What happens to the BBC is a vital issue for all organisations seeking to make themselves heard, so charities need to pay attention to the government's white paper on the BBC charter renewal.
The BBC is the cornerstone of our public service broadcasting system, considered by many to be the best in the world. It has a remit to broadcast content that is relevant to our lives, tell us about the wider world, provide accurate and impartial news, engage us with the democratic process and reflect the nations and regions of the UK.
It provides a valuable source of reliable information for mass audiences and is crucial to stimulating the interest, engagement and participation of citizens. Seasons that influence public opinion, such as its recent mental health season, would not be broadcast by any other media organisation in the UK.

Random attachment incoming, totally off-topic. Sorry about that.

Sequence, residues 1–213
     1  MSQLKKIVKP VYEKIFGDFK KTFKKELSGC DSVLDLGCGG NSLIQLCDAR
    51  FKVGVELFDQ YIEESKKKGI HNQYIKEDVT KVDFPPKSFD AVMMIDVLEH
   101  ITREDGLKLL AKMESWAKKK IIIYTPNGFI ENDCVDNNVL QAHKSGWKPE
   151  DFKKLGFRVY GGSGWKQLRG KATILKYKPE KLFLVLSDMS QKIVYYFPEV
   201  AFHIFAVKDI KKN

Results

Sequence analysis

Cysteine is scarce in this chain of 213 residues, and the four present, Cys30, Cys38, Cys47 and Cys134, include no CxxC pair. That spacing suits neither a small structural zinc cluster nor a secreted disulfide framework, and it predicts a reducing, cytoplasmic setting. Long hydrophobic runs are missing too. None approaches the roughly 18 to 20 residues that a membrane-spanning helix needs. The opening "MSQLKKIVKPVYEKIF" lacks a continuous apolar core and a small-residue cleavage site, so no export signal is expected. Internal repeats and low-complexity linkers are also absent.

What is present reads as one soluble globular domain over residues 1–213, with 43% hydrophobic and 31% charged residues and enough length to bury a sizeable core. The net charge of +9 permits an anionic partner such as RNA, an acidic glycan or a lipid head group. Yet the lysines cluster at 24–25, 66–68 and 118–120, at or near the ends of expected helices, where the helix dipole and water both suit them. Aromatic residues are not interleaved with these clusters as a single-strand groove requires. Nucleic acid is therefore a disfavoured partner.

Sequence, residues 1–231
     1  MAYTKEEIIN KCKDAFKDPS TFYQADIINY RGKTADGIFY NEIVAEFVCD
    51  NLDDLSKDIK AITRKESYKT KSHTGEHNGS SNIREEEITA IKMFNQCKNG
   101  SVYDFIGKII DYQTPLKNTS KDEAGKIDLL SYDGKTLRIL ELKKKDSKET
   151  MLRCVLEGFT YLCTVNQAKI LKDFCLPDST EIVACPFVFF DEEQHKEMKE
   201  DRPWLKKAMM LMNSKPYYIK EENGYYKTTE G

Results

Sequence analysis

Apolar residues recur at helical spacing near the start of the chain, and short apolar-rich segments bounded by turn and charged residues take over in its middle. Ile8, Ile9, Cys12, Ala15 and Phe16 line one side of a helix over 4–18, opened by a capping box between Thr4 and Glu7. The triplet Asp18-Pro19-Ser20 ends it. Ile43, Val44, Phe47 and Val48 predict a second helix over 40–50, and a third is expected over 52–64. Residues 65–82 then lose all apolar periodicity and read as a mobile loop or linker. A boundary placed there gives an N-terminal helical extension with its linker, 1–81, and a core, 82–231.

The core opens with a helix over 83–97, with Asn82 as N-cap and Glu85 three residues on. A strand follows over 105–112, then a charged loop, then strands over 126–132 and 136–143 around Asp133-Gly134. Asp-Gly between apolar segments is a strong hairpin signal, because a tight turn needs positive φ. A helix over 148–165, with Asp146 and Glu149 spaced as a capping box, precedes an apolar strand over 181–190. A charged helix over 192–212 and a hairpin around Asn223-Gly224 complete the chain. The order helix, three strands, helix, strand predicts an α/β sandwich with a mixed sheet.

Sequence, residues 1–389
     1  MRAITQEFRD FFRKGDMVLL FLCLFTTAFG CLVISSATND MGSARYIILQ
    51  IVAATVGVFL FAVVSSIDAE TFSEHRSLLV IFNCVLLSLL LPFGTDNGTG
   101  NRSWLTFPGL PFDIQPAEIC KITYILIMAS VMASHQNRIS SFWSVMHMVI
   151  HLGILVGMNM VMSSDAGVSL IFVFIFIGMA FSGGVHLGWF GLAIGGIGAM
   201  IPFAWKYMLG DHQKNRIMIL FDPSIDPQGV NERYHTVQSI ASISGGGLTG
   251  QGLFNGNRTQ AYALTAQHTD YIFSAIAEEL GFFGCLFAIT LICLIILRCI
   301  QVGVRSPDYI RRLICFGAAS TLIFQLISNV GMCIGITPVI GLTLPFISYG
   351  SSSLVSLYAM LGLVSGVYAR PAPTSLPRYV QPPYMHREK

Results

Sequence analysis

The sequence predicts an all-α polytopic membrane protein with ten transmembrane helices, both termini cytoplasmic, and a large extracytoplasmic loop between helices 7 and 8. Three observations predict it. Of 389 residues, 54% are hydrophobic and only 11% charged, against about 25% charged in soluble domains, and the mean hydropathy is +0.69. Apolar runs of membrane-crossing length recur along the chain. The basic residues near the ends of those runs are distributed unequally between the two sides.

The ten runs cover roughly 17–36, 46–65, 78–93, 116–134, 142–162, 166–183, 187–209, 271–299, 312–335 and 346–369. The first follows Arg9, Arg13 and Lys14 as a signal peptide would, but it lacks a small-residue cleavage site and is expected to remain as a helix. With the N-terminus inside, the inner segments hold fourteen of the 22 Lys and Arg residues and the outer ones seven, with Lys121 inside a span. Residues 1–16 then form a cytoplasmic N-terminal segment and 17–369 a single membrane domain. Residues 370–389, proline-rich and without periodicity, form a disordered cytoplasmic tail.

The white paper unveils proposals for a major overhaul of how the BBC is run, some of which raise concern that the independence of the broadcaster will be compromised. If the government undermines the BBC's independence, its democratic and social value will be reduced.
A new emphasis on representing diversity is welcome - this includes more content for those from ethnic minority backgrounds, as well as underserved regional communities. However, a commitment in the current charter to provide content that engages us with the wider world has been downgraded from applying across all genres to only news and current affairs.
Charities need to ensure the BBC continues to provide a space for issues important to us all. Find out how at www.publicvoice.org.uk.
Vicky Browning is director of CharityComms